If you are new to Office Web Add-in Development, then this post is for you. Even if you are not new and you need to setup a new development environment, this post is for you too.

Now, as far as manually setting up a new Office web add-in development environment, there are a few sources for helping you get started. There is the official guide here:

Set up your development environment

And I have also written one here:

How to-Configure VSCode for Office Development

NOTE: Mine is a tad more complicated, but essentially walks you through setting up for full fledged development, including source control with Git. That article was actually more for me when I wrote it.

BUT WAIT, THERE’S MORE…

However, after a co-worker and fellow Office Developer (Marty Andren) and I got to talking about this topic, I had an idea to create a script essentially automating the entire process. That was how the Microsoft Office Development Setup script, or MODES was born. The script is posted in the following repository:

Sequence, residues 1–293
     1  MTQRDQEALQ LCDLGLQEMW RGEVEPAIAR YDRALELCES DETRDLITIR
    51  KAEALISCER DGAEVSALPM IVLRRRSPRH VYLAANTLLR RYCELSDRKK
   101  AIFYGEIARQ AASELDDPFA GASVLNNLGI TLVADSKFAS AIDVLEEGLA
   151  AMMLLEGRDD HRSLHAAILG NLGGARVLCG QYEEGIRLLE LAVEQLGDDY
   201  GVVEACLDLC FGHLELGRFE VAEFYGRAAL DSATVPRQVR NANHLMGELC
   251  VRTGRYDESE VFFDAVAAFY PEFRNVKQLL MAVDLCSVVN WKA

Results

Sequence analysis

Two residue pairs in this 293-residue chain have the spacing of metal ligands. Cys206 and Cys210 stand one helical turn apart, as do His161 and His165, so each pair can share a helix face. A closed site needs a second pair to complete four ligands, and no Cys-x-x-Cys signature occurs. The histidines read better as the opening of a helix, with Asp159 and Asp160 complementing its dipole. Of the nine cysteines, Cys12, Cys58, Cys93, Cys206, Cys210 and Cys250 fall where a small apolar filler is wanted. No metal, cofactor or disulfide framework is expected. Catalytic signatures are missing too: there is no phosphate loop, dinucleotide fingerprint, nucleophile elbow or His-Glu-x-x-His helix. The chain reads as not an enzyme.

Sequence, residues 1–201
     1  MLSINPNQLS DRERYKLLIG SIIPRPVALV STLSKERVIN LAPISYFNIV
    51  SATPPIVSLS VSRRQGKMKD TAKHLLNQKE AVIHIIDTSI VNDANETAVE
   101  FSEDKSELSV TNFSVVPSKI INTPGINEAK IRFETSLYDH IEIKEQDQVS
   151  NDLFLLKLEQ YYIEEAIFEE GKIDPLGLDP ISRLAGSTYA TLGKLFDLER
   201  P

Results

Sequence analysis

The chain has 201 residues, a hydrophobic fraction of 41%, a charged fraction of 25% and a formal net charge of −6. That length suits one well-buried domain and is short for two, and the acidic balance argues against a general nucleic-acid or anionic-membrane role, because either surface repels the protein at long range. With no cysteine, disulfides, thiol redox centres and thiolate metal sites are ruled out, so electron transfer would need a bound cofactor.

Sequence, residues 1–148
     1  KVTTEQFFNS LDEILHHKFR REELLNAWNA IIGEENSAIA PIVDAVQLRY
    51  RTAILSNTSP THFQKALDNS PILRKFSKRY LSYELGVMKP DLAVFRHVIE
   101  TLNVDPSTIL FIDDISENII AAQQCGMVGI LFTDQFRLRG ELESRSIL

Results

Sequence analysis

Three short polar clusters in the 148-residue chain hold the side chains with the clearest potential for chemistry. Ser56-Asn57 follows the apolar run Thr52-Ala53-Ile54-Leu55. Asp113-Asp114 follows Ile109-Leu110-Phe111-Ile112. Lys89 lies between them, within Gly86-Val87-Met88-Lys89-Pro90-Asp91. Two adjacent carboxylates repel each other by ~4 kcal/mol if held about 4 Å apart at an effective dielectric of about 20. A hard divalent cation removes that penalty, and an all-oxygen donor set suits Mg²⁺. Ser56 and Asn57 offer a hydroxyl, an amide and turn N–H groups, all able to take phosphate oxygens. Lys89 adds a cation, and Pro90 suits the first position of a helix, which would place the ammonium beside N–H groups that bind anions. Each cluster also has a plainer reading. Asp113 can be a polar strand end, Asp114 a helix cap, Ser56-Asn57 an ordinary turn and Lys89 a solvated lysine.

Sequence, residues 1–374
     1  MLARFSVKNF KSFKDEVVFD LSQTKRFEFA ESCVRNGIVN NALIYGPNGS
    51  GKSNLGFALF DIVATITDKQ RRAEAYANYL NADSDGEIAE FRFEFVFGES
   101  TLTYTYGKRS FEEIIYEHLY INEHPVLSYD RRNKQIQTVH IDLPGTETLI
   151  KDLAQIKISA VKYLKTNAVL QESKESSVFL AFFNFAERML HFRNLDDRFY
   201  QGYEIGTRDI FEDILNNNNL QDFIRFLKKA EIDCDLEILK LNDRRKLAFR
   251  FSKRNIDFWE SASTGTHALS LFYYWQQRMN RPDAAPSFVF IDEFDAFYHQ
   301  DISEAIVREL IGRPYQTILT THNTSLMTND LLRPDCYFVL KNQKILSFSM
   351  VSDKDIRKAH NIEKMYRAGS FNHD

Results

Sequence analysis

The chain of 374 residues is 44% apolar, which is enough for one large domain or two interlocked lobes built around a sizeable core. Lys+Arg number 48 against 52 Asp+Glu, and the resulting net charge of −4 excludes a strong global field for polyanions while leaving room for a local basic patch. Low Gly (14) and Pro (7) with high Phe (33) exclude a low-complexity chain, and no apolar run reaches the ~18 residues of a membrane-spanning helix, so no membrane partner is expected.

https://github.com/davecra/modes

The MODES script is provided as-is for folks who need to setup an Office development environment. It is a simple run it and done. Once you have completed this script you will have:

NOTE: This also installs http-server, a simple local web server that I hope to use in a forthcoming blog post that expands on a previous post demonstrating how easy it is to build a Web Add-ins from scratch.

NOTE: The script installs everything as local user, so there is no need for administrative permissions.

On the MODES GitHub post, you can follow the README directions to download and run the PowerShell script. If you are unfamiliar with PowerShell, you can just follow the steps and should walk you through what you need to do fairly quickly and easily.